response, tactical evacuation of persons outside cities have been discarded as
unfeasible, largely because of the short interval between warning and attack (15 to

30 minutes for ICBM's) and because of the danger of exposing evacueees 1.t fallout
after the blast. Instead, the anticipated movement of persons is by short distances

(up to a mile) within cities to the most readily available shelters (plus movement
of a small minority of families to private shelters). According to present notions,

movpment of persons to shelters can occur at two times: (1) during the period
between warning ar d attack, which would vary from 15 minutes to several hours,

depending on the type of delivery system and the adequacy of the warning system;
(2) during the period immediately following the blast, when persons not debilitated
by the effects of air blast, ground shock, and thermal radiation make their way to
shelters before the danger from radioactive fallout becomes critical; the time per-
mitted for movement is approximately 30 minutes to an hour, but this second type
in heavily damaged areas.
of movement cannot be expected to be very significant

United States House of Representatives,
Civil Defense--1961, pp. 6-9;
see also United States Congress, Civil Defense-- Fallout Shelter Program.

United States House of Representatives, Civil Defense--1961, pp. 8-9;
Department of Defense, Annual Report of the Office of Civil Defense for the Fiscal
Year 1962 (Washington, D. C.: U. S. Government Printing Office, 1962), pp. 39-
45; fice of Civil and Defense Mobilization, Personi'l Preparedness in the Nuclear
Age (Washington, D. C.: U. S. Government Printing Office, 1960), pp. 40-41.
United States House of Representatives,
Civil Defense--1961, pp. 16-17,
120, 156; Samuel Glasstone (ed. ), The Effects of Nuclear Weapons (revised edition)
(Washington, D. C. : Prepared by the U. S. Department of Defense, Published by
the U. S. Atomic Energy Commission, 1962), pp. 627-632.


A number of problems arise in connection with warning and movemeni to

shelters. The first problem deals with public misinterpretation of warnings. On

the one hand, it is desirable to inform the populace what various signals mean,
and to drill them in reacting to them. On the other hand, this advance preparation
may have unanticipated and unfortunate consequences in the event of an actual

attack. According to Chapman's summary of findings from research on signals,

Signals that suggest a drill rather than a real emergency,

official cautions that leave unspecified the nearness of dan-
ger or the protective steps to be taken, conflicting advice,
or calls to action from prestigeless or resented authorities
may easily support disbelief or inaction. Studies of false
alarms suggest that a complicated set of factors bears on
consequent public reactions. Sometimes alerts which do
not eventuate in any great danger are nevertheless not de-
preciated, and they may even have the effect of improving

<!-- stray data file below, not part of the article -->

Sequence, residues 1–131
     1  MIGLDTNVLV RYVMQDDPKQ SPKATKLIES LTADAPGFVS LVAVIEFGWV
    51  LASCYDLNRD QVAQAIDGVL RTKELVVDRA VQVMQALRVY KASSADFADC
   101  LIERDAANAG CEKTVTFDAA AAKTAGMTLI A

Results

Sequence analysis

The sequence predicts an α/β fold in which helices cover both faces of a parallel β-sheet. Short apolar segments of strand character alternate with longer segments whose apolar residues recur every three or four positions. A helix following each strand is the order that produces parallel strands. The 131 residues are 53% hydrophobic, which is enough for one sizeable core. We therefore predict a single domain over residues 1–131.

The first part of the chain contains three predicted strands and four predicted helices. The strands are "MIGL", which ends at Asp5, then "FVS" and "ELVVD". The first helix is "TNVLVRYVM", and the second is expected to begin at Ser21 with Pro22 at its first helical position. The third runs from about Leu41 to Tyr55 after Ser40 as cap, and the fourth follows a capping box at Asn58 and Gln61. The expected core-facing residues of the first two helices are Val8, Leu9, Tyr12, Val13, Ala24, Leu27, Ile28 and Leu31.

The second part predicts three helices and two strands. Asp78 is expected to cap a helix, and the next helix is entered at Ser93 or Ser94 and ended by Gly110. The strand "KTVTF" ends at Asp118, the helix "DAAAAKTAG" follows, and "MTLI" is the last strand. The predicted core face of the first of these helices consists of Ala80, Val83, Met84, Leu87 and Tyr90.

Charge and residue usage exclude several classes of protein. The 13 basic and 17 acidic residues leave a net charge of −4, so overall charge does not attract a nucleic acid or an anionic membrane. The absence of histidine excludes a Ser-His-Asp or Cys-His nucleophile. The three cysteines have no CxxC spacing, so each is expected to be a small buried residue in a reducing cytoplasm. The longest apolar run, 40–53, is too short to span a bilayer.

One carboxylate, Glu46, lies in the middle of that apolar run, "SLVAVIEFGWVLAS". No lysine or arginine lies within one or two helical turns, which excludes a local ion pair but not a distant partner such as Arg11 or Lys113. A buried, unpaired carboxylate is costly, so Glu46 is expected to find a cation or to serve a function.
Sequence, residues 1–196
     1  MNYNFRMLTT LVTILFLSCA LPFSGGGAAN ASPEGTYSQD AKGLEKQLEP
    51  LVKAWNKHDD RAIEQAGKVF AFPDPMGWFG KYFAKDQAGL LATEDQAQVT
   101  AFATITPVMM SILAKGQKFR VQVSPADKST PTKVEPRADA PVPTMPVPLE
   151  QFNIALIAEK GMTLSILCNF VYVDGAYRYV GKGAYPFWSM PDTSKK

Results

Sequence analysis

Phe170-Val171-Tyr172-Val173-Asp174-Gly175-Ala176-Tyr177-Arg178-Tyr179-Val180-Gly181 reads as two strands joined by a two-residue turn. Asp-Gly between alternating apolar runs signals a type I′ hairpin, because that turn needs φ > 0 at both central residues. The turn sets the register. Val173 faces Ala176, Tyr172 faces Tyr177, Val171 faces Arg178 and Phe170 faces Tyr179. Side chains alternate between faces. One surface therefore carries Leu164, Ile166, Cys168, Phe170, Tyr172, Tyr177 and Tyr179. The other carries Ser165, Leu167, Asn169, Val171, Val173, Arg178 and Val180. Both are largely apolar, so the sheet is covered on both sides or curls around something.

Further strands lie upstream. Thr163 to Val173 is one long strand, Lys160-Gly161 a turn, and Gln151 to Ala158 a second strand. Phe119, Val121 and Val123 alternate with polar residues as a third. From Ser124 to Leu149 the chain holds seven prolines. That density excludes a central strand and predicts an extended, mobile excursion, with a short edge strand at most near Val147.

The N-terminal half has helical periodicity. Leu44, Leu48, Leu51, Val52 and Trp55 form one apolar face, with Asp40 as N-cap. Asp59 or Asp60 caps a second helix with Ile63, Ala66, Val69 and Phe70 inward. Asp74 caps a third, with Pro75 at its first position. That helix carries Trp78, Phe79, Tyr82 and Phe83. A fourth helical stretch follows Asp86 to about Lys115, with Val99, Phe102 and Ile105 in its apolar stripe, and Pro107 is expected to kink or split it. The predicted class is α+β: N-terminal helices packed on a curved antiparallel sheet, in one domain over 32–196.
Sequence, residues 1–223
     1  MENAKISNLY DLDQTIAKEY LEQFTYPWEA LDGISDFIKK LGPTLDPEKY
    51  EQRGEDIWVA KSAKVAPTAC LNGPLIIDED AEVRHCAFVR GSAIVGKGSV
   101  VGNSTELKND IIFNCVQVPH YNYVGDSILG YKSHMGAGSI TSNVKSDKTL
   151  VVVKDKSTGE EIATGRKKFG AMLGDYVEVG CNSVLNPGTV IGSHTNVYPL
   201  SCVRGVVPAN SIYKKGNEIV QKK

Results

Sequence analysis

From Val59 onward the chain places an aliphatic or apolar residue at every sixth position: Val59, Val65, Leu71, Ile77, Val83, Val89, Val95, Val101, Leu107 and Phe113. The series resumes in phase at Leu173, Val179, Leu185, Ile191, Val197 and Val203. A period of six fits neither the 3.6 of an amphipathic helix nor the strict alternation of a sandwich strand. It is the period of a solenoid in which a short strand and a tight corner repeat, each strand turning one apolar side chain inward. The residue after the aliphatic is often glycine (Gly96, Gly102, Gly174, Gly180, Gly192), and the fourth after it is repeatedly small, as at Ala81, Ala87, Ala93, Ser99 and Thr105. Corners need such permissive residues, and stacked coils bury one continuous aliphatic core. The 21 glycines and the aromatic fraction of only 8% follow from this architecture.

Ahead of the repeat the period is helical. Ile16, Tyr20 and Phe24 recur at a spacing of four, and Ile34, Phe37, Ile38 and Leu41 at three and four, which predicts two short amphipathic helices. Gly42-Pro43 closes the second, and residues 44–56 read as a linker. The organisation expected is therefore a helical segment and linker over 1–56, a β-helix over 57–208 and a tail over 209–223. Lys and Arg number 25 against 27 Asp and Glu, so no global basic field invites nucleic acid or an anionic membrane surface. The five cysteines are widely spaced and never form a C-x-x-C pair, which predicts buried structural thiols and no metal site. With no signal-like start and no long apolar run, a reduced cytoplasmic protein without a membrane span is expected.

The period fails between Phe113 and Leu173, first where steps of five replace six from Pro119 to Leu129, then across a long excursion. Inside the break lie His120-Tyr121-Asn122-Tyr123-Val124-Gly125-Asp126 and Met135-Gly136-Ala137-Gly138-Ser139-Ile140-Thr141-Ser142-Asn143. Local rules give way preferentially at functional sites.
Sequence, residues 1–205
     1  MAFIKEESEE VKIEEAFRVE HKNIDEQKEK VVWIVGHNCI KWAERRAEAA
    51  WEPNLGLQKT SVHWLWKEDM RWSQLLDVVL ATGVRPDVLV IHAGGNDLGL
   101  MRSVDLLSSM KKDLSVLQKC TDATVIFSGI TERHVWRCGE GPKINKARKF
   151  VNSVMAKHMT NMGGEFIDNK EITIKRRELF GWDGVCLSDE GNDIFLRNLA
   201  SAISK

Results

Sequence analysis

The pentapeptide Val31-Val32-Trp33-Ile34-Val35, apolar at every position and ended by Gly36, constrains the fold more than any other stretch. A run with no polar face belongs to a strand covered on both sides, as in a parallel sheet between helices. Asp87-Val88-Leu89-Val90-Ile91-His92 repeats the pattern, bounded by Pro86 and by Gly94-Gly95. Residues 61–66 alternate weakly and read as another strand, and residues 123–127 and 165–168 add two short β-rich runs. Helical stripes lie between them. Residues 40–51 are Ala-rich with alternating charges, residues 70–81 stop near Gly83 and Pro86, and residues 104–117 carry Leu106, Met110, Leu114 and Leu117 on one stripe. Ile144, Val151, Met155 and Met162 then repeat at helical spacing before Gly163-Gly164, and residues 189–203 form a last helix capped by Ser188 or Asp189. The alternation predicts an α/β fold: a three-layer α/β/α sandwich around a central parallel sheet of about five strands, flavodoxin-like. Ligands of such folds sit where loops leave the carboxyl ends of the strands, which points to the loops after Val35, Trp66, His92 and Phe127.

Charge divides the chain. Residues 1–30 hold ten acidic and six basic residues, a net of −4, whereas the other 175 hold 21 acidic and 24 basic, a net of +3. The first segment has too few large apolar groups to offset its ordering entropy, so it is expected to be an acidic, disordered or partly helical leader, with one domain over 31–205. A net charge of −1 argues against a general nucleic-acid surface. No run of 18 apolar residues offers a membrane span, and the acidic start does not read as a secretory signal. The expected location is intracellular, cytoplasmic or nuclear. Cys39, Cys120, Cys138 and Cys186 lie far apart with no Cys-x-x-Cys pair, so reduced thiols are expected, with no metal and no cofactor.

the response to alerts on later occasions; sometimes they
work in a "cry wolf" fashion to evoke only apathy or anger
when the next alert comes along. The crucial conditions
that decide these contrasting outcomes are not at all well
understood. 21
When the warning signal is recognized but only partially understood (i.e.,, when
large numbers of people know that some danger is approaching but do not know
exactly what it is or what to do about it), they will probably engage in disruptive

information- -seeking behavior, such as clogging telephone lines by calling friends,

newspapers, radio stations, etc.

Another series of problems arises from the present distribution of shelter

spaces. Centers of cities, with many more industrial and public buildings, are now

21Dwight W. Chapman, "A Brief Introduction to Contemporary Disaster

Research," in George W. Baker and Dwight W. Chapman (eds.), Man and Society in
Disaster (New York: Basic Books, 1962), p. 11; see also Charles E. Fritz,
"Some Implications from Disaster Research for a National Shelter Program,"
and Elihu Katz, Kenneth Kessin, John McCoy, Leona,-d J. Pinto, and Reid Streiby,
"Public Reaction to the Onscheduled Sounding of Air-Raid Sirens in a Metropolis:
a First Glance at the Data, " Both in George W. Baker and John H. 4ohrer (eds.),
Symposium on Human Problems in the Utilization of Fallout Shelters (Washington,
D.C. : National Academy of Sciences--National Research Council, 1960), pp. 145-
146, 201- 210.
22Katz, Kessin, McCoy,
Pinto, and Streiby, "Public Reaction to the Un-
scheduled Sounding of Air-Haid Siir- ns ... ", o,,. cit., p. 206.

"oversheltered" by contrast with suburban areas. Assuming widespread public

recognition of and response to a warning signal, this rmaldistribution of shelter

space may lead to two effects: (1) Relatively few suburban residents will be able
to take shelter because of the longer distance required to travel from suburban
homes to protective shelters; and (2) Some persons may attempt to make the move